Double Plaidinum — the first record with drummer Dave Raun and only one with guitar Ken Stringfellow (from the Posies) — is a more streamlined appoach. The shifting time signatures and quick turns are toned down here in favor of blistering power chords charging ahead. This may seem to play against their strengths, but the one-two punch of “Alien 8” and the moody “Making Friends” argues otherwise. The band doesn’t simplify here so much as let that which does not matter slide, and at this point Lagwagon had the sharply honed pop sensibilities to pull this off. Though these songs don’t jar us with the same shifts — those staccato chords in the middle of “Today” are about as surprising at the album gets — it still catches you off guard because you don’t miss them. At all. Songs like “One Thing to Live” and “Bad Scene” don’t need curve balls to keep us honest, because we’re locked in from word one. The hooks — here more runs of chords than the slicing chops of earlier records — set themselves deep right away, and though the record speeds by, it leaves its mark. Double Plaidinum was a critical point for the band, shifting to the intricacy of Raun’s drumming and away from former guitarist Shawn Dewey’s riff stylings. Here the band’s sound lightens, takes on more pop bliss, but never feels fey. It may not surprise as much as Hoss or Trashed, but that doesn’t mean it can’t hit just as hard.
Let’s Talk About Feelings (1998)
The band’s last album from the ’90s — and first before a hiatus was announced — is also their most polished. Opener “After You My Friend” plays like a synthesis of the band’s first six years. The riffs slice, the song shifts and starts and stops, and Cape’s intricate vocal melody and 50-cent-word-laden lyrics weave through it all perfectly. That and “May 16” later in the record bookend a set of songs that continue the direct charge they started on Double Plaidinum. But Feelings gets really interesting later in the record, with the brief acoustic interlude “The Kids Are All Wrong” and closer “Owen Meaney.” The band, and Cape in particular, always gave away a wide variety of musical interests and here we see them explore them more fully. “The Kids Are All Wrong” isn’t the only quick acoustic tune on a punk record, but it’s the best and most fully realized. The piano pinging in the background provides subtle atmosphere to the song so that you realize it isn’t tossed off at all. It’s a shift that clears out all the propulsive energy of the middle of the record so we’re fresh for the more intricate “May 16.” “Owen Meaney,” on the other hand, is downright cinematic. It’s lengthy instrumental opening builds tension in a way we hadn’t heard from the band before. It wasn’t about the immediate punch, it was about ebb and flow. The crunch of the guitars softened, and there’s something fittingly withful about the track. It’s a more nuanced take on the band’s sound and a welcome shift, one that completes the ’90s story of the band well. We started with those hard-hitting riffs, that metal edge, and over five albums the band shifted to a more patient sound without losing an ounce of power.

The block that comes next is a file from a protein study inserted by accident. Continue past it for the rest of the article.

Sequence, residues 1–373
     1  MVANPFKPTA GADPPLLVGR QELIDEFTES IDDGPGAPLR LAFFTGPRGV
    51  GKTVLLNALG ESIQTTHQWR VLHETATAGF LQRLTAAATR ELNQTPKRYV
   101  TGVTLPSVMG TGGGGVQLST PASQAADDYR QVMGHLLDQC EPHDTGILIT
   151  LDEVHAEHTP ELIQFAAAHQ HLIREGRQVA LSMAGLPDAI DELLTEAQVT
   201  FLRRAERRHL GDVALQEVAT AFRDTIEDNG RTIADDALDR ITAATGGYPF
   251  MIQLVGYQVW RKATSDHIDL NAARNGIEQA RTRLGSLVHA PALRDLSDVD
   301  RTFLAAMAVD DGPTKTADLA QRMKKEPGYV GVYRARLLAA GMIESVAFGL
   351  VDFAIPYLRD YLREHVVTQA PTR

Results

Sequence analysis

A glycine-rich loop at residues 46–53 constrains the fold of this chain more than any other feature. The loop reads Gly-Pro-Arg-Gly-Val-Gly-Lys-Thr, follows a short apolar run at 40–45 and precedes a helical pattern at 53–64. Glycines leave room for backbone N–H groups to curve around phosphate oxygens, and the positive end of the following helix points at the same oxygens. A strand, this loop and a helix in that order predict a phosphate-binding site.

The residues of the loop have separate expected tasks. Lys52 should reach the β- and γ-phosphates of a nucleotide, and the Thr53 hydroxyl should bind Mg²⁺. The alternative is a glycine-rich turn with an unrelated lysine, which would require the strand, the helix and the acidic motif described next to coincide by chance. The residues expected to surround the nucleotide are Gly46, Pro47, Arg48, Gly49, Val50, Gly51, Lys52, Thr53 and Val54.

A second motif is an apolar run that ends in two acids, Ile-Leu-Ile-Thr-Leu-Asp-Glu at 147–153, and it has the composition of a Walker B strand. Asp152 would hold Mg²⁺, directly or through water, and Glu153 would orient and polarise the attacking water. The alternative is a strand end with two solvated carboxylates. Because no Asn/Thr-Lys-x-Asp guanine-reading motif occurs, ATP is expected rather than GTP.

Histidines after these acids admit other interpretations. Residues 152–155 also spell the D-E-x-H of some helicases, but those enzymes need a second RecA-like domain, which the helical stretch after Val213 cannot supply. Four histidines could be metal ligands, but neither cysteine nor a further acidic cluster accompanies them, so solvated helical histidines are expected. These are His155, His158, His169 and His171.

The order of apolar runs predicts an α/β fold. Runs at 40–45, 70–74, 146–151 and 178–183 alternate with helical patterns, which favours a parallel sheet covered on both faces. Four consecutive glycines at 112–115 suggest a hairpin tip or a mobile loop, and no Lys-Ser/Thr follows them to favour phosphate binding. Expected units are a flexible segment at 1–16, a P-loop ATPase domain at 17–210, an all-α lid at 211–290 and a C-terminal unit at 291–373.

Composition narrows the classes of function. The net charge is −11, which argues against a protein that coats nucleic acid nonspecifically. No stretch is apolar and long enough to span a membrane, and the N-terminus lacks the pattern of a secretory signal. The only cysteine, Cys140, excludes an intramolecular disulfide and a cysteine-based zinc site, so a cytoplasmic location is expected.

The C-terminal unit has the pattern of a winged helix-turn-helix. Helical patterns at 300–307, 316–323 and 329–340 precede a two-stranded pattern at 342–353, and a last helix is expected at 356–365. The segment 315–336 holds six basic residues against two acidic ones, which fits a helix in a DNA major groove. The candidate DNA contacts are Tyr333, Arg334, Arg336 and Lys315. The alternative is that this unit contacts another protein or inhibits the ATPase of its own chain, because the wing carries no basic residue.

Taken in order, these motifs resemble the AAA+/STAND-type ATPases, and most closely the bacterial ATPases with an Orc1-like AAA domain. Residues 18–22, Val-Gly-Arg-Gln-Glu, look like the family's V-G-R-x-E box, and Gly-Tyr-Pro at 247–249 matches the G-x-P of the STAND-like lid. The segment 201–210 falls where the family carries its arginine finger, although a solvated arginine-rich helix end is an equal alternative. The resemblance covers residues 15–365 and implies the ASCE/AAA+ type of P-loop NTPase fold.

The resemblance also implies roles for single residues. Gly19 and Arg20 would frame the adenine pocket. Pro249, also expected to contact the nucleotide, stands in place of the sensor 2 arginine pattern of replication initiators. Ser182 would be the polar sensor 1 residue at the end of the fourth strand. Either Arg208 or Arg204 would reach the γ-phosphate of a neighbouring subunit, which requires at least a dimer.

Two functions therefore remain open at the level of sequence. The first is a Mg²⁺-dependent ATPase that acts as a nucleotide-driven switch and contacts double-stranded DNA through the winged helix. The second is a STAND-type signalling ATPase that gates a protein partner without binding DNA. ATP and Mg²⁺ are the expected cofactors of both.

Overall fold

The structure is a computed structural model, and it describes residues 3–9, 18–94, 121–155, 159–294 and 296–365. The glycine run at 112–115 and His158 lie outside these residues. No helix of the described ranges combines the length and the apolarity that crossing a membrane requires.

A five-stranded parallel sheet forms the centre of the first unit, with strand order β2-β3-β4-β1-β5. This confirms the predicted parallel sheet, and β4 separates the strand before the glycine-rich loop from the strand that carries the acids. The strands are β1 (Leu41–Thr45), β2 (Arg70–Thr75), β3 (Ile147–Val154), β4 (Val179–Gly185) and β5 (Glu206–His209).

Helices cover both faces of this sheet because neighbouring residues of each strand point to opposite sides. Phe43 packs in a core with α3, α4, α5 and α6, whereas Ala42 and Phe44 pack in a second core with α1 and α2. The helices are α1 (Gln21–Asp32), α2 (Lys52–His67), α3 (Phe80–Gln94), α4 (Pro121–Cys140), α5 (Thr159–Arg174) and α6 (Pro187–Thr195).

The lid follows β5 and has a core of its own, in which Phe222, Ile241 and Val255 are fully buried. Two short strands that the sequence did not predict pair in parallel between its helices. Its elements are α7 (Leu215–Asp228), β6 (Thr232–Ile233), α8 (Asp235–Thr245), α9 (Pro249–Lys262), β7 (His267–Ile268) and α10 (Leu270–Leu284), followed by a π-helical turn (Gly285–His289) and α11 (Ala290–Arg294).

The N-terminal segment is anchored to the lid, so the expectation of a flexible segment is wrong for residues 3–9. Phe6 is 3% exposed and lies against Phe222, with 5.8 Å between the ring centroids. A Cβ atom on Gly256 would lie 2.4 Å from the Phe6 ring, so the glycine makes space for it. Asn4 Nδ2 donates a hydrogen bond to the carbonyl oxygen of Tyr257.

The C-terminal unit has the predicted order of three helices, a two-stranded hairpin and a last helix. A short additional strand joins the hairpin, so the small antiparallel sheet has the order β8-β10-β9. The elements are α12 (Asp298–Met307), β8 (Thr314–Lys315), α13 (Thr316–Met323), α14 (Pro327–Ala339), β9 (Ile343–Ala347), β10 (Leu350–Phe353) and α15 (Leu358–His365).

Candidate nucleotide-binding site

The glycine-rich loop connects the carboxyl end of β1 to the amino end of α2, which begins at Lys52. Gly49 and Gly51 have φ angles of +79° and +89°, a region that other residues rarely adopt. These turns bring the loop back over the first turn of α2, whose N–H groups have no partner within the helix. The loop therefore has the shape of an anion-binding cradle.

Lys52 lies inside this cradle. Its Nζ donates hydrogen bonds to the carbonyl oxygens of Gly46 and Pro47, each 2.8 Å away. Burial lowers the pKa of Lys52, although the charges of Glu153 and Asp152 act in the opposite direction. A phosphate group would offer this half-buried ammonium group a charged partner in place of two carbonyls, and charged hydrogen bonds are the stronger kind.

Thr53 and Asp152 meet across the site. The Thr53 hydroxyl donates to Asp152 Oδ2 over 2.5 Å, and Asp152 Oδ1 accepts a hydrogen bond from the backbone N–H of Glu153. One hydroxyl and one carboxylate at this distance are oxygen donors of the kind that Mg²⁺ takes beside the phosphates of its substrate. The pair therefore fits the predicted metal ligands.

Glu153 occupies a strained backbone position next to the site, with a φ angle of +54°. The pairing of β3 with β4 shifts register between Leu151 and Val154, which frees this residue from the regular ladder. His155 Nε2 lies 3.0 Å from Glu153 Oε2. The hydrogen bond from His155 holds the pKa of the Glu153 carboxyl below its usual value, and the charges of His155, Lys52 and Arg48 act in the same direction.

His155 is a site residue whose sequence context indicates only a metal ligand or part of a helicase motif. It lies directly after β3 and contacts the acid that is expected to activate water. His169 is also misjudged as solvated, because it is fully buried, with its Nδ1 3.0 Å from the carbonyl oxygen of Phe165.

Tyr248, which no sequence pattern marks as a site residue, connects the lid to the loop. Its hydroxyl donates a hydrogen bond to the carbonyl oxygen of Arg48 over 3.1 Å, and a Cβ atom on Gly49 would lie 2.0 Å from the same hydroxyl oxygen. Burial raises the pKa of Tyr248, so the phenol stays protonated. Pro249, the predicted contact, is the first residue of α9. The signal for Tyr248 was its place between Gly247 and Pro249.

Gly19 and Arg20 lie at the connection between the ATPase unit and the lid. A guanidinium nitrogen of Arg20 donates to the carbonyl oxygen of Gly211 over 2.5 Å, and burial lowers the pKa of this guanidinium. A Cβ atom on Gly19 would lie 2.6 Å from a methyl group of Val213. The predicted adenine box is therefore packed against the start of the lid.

All this is to say that these albums are all great in their own right, perfect pop-punk documents that never slip into navel-gazing or feel generic even when they seem to be following all those punk-rock rules. But taken together — and these reissues are chock full of extras, unreleased songs and b-sides that are remarkably consistent — these albums show Lagwagon as something more than just a great pop-punk band. They’re a band worth re-evaluating with a larger scope, one that puts them in a context more suited to their intricate sound. Lagwagon was a genre trailblazer because the band stretched and challenged that genre, it made us look at and listen to punk rock in a different way. These are pop songs. They’re rock songs. They’re sweet. They’re difficult. They’re funny. They’re heartbreaking. They do so much more than just speed through on three chords. And all those other things they do — the variety of talent the band displays, its combination of pop hooks and shifting structures, Cape’s great songwriting — those are the things more of us should be talking about.